days of our lives intro words

days of our lives intro words

Days of our lives intro words
Think of your own experiences with hourglasses. Their most common use, arguably, is in board games that might otherwise drag on without the propulsion provided by the timer. I imagine their use added pressure and maybe even anxiety to your activity, forcing quick decisions in games like Monopoly and chess. The constant reminder that time is running out brings new intensity to the game, and it forces us to focus. Ready or not, we must move on. Imagine the giant Days of our Lives’ hourglass being present in our daily lives. What would change if we could see our time running out before our very eyes? What would we concentrate on? What decisions would we make? What would be our priorities?
Kevin, you portray a beautiful picture of Us gathering with God rather than like the sand running through the hour glass. To get to Easter, we must all go the Way of the Cross!
Bayard, thank you once again for having Kevin Dowd’s blog lead us to the Joy of Easter!

Days of our lives intro words
According to “Days'” co-executive producer Greg Meng, 60, who has a new book about “Days”, “the show is driven by storylines that evolve with the times, so we are relevant and current.” In 1976, Time magazine named it “the most daring drama,” because it “encompassed every trend from artificial insemination to interracial romance.” Since then, many other daytime serials have featured sensitive topics like rape, alcoholism, mental illness and drug abuse long before these issues were seen on primetime television.
The eight-month murder trial of former NFL star and actor OJ Simpson, beginning in January 1995, proved to be another challenge as viewers chose to watch the horrors of the real-life drama instead of the soaps, says Hayes.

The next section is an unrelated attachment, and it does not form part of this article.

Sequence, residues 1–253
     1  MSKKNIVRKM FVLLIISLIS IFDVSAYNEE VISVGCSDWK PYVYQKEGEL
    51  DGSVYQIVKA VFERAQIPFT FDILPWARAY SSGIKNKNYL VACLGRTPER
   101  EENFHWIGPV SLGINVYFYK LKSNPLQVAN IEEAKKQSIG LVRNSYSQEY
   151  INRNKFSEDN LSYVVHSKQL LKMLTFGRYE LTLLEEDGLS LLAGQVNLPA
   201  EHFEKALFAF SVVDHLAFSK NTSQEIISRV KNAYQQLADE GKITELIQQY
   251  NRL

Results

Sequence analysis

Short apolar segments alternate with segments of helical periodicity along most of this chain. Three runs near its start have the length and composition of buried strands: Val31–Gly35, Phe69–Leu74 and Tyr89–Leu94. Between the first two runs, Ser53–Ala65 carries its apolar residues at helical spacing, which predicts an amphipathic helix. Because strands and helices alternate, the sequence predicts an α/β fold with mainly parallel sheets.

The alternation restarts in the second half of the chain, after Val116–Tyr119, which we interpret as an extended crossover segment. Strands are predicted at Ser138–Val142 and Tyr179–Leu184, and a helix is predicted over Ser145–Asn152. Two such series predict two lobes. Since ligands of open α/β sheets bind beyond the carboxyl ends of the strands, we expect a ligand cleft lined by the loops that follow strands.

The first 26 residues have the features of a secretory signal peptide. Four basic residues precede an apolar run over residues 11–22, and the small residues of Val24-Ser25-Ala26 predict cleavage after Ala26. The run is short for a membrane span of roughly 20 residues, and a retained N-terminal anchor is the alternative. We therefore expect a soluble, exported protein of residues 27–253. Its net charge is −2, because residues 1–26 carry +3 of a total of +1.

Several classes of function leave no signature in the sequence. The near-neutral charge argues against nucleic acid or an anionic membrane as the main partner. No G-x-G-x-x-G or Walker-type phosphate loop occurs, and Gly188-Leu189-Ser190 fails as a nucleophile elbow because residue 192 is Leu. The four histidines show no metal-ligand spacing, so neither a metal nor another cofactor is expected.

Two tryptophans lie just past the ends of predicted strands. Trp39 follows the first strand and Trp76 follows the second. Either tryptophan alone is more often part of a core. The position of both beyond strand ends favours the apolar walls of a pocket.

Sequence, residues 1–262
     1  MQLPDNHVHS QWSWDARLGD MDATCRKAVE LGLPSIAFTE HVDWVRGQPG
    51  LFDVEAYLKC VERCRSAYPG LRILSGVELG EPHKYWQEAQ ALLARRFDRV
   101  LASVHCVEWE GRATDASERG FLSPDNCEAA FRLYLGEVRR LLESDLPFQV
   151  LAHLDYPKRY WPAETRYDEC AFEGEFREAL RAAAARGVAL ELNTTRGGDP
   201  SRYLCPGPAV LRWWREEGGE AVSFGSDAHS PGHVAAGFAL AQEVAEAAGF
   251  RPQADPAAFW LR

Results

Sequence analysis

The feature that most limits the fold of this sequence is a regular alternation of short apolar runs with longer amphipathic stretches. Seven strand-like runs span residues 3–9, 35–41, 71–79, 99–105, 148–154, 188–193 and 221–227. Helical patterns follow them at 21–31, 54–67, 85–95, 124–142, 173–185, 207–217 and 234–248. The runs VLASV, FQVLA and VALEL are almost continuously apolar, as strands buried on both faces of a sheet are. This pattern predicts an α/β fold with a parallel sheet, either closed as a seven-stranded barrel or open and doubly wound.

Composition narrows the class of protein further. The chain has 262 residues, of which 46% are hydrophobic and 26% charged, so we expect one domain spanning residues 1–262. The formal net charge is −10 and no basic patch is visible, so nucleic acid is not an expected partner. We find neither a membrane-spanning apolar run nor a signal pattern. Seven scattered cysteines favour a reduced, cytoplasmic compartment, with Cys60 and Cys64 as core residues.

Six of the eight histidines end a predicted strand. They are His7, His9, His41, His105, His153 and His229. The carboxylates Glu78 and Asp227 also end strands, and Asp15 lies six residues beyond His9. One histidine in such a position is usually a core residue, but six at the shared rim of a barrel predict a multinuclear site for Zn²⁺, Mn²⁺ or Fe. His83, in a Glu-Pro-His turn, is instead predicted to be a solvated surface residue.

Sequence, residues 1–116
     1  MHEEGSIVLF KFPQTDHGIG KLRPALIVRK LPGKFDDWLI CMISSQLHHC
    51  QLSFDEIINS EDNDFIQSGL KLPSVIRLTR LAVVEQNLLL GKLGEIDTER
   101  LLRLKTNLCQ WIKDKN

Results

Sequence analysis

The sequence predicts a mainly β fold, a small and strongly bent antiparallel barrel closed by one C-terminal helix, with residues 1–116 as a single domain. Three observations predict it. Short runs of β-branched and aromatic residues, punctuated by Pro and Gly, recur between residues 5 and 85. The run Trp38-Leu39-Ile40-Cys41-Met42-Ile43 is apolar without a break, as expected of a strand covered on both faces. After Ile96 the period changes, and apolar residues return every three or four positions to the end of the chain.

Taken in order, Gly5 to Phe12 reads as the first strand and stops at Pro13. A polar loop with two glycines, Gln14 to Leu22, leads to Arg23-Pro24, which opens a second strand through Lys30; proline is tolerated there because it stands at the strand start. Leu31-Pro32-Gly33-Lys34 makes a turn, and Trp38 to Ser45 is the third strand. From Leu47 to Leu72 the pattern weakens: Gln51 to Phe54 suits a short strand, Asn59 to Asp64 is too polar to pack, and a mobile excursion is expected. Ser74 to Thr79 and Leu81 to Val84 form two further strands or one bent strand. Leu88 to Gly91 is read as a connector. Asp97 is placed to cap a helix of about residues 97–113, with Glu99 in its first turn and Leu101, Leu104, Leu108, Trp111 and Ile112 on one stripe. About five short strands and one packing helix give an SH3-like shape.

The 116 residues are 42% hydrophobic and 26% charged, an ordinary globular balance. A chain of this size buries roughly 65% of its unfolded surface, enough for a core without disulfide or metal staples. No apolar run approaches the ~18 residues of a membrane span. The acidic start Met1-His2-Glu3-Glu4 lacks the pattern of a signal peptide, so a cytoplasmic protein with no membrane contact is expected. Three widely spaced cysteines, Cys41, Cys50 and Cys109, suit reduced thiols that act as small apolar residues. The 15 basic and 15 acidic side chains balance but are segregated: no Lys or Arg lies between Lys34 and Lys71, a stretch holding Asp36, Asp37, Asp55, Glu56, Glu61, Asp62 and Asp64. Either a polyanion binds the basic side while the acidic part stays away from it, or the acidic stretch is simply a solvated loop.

Days of our lives intro words
We cannot work for our salvation. It is not something we can earn. It is something we receive from a merciful God. Once we accept this undeserved gift, we demonstrate through our actions our love and gratitude toward our merciful God and loving Savior. We live our lives in a way that indicate that we are God’s redeemed people. We bear fruit that show that we belong to the One who saved us. We keep God’s law not to be saved because the law cannot save us but because we love the Lawgiver. Jesus said, “If you love Me, keep My commandments.” How can people say they love God but they break His law or fail to do His will? When Zacchaeus was saved, he had a change of heart. He wanted to do right by the people whom he cheated. His works manifested in a changed heart which enabled him to bear good fruit. Those who say to Jesus, “Lord, Lord, we do all these different things in Your name” but they fail to be obedient will in no way enter into heaven. God wants us to be obedient and commandment keeping people. We cannot say we love Him but we fail to do His will. When we really and truly love someone our actions speak louder than our words. Those who have received and cherish the wonderful gift of salvation will show their love, gratitude and thanksgiving. They will go out and share God’s love and goodness and mercy with others. They will work happily and diligently to bring others to Christ. The salvation of others would be their mission. Paul, a recipient of God’s salvation, cast out demons and healed in Christ’s name but he also did the will of the Father and kept His law. Paul produced good fruit after he received salvation. Works or the good fruit are the results of salvation not the means to salvation.
Up to 1994 the intro was,

References:

http://www.smithsonianmag.com/smithsonian-institution/sands-hourglass-days-of-our-lifes-50-anniversary-180957213/
http://answers.yahoo.com/question/index?qid=20101106213713AABYZ1d
http://en.m.wikiversity.org/wiki/Introduction_to_Information_Technology

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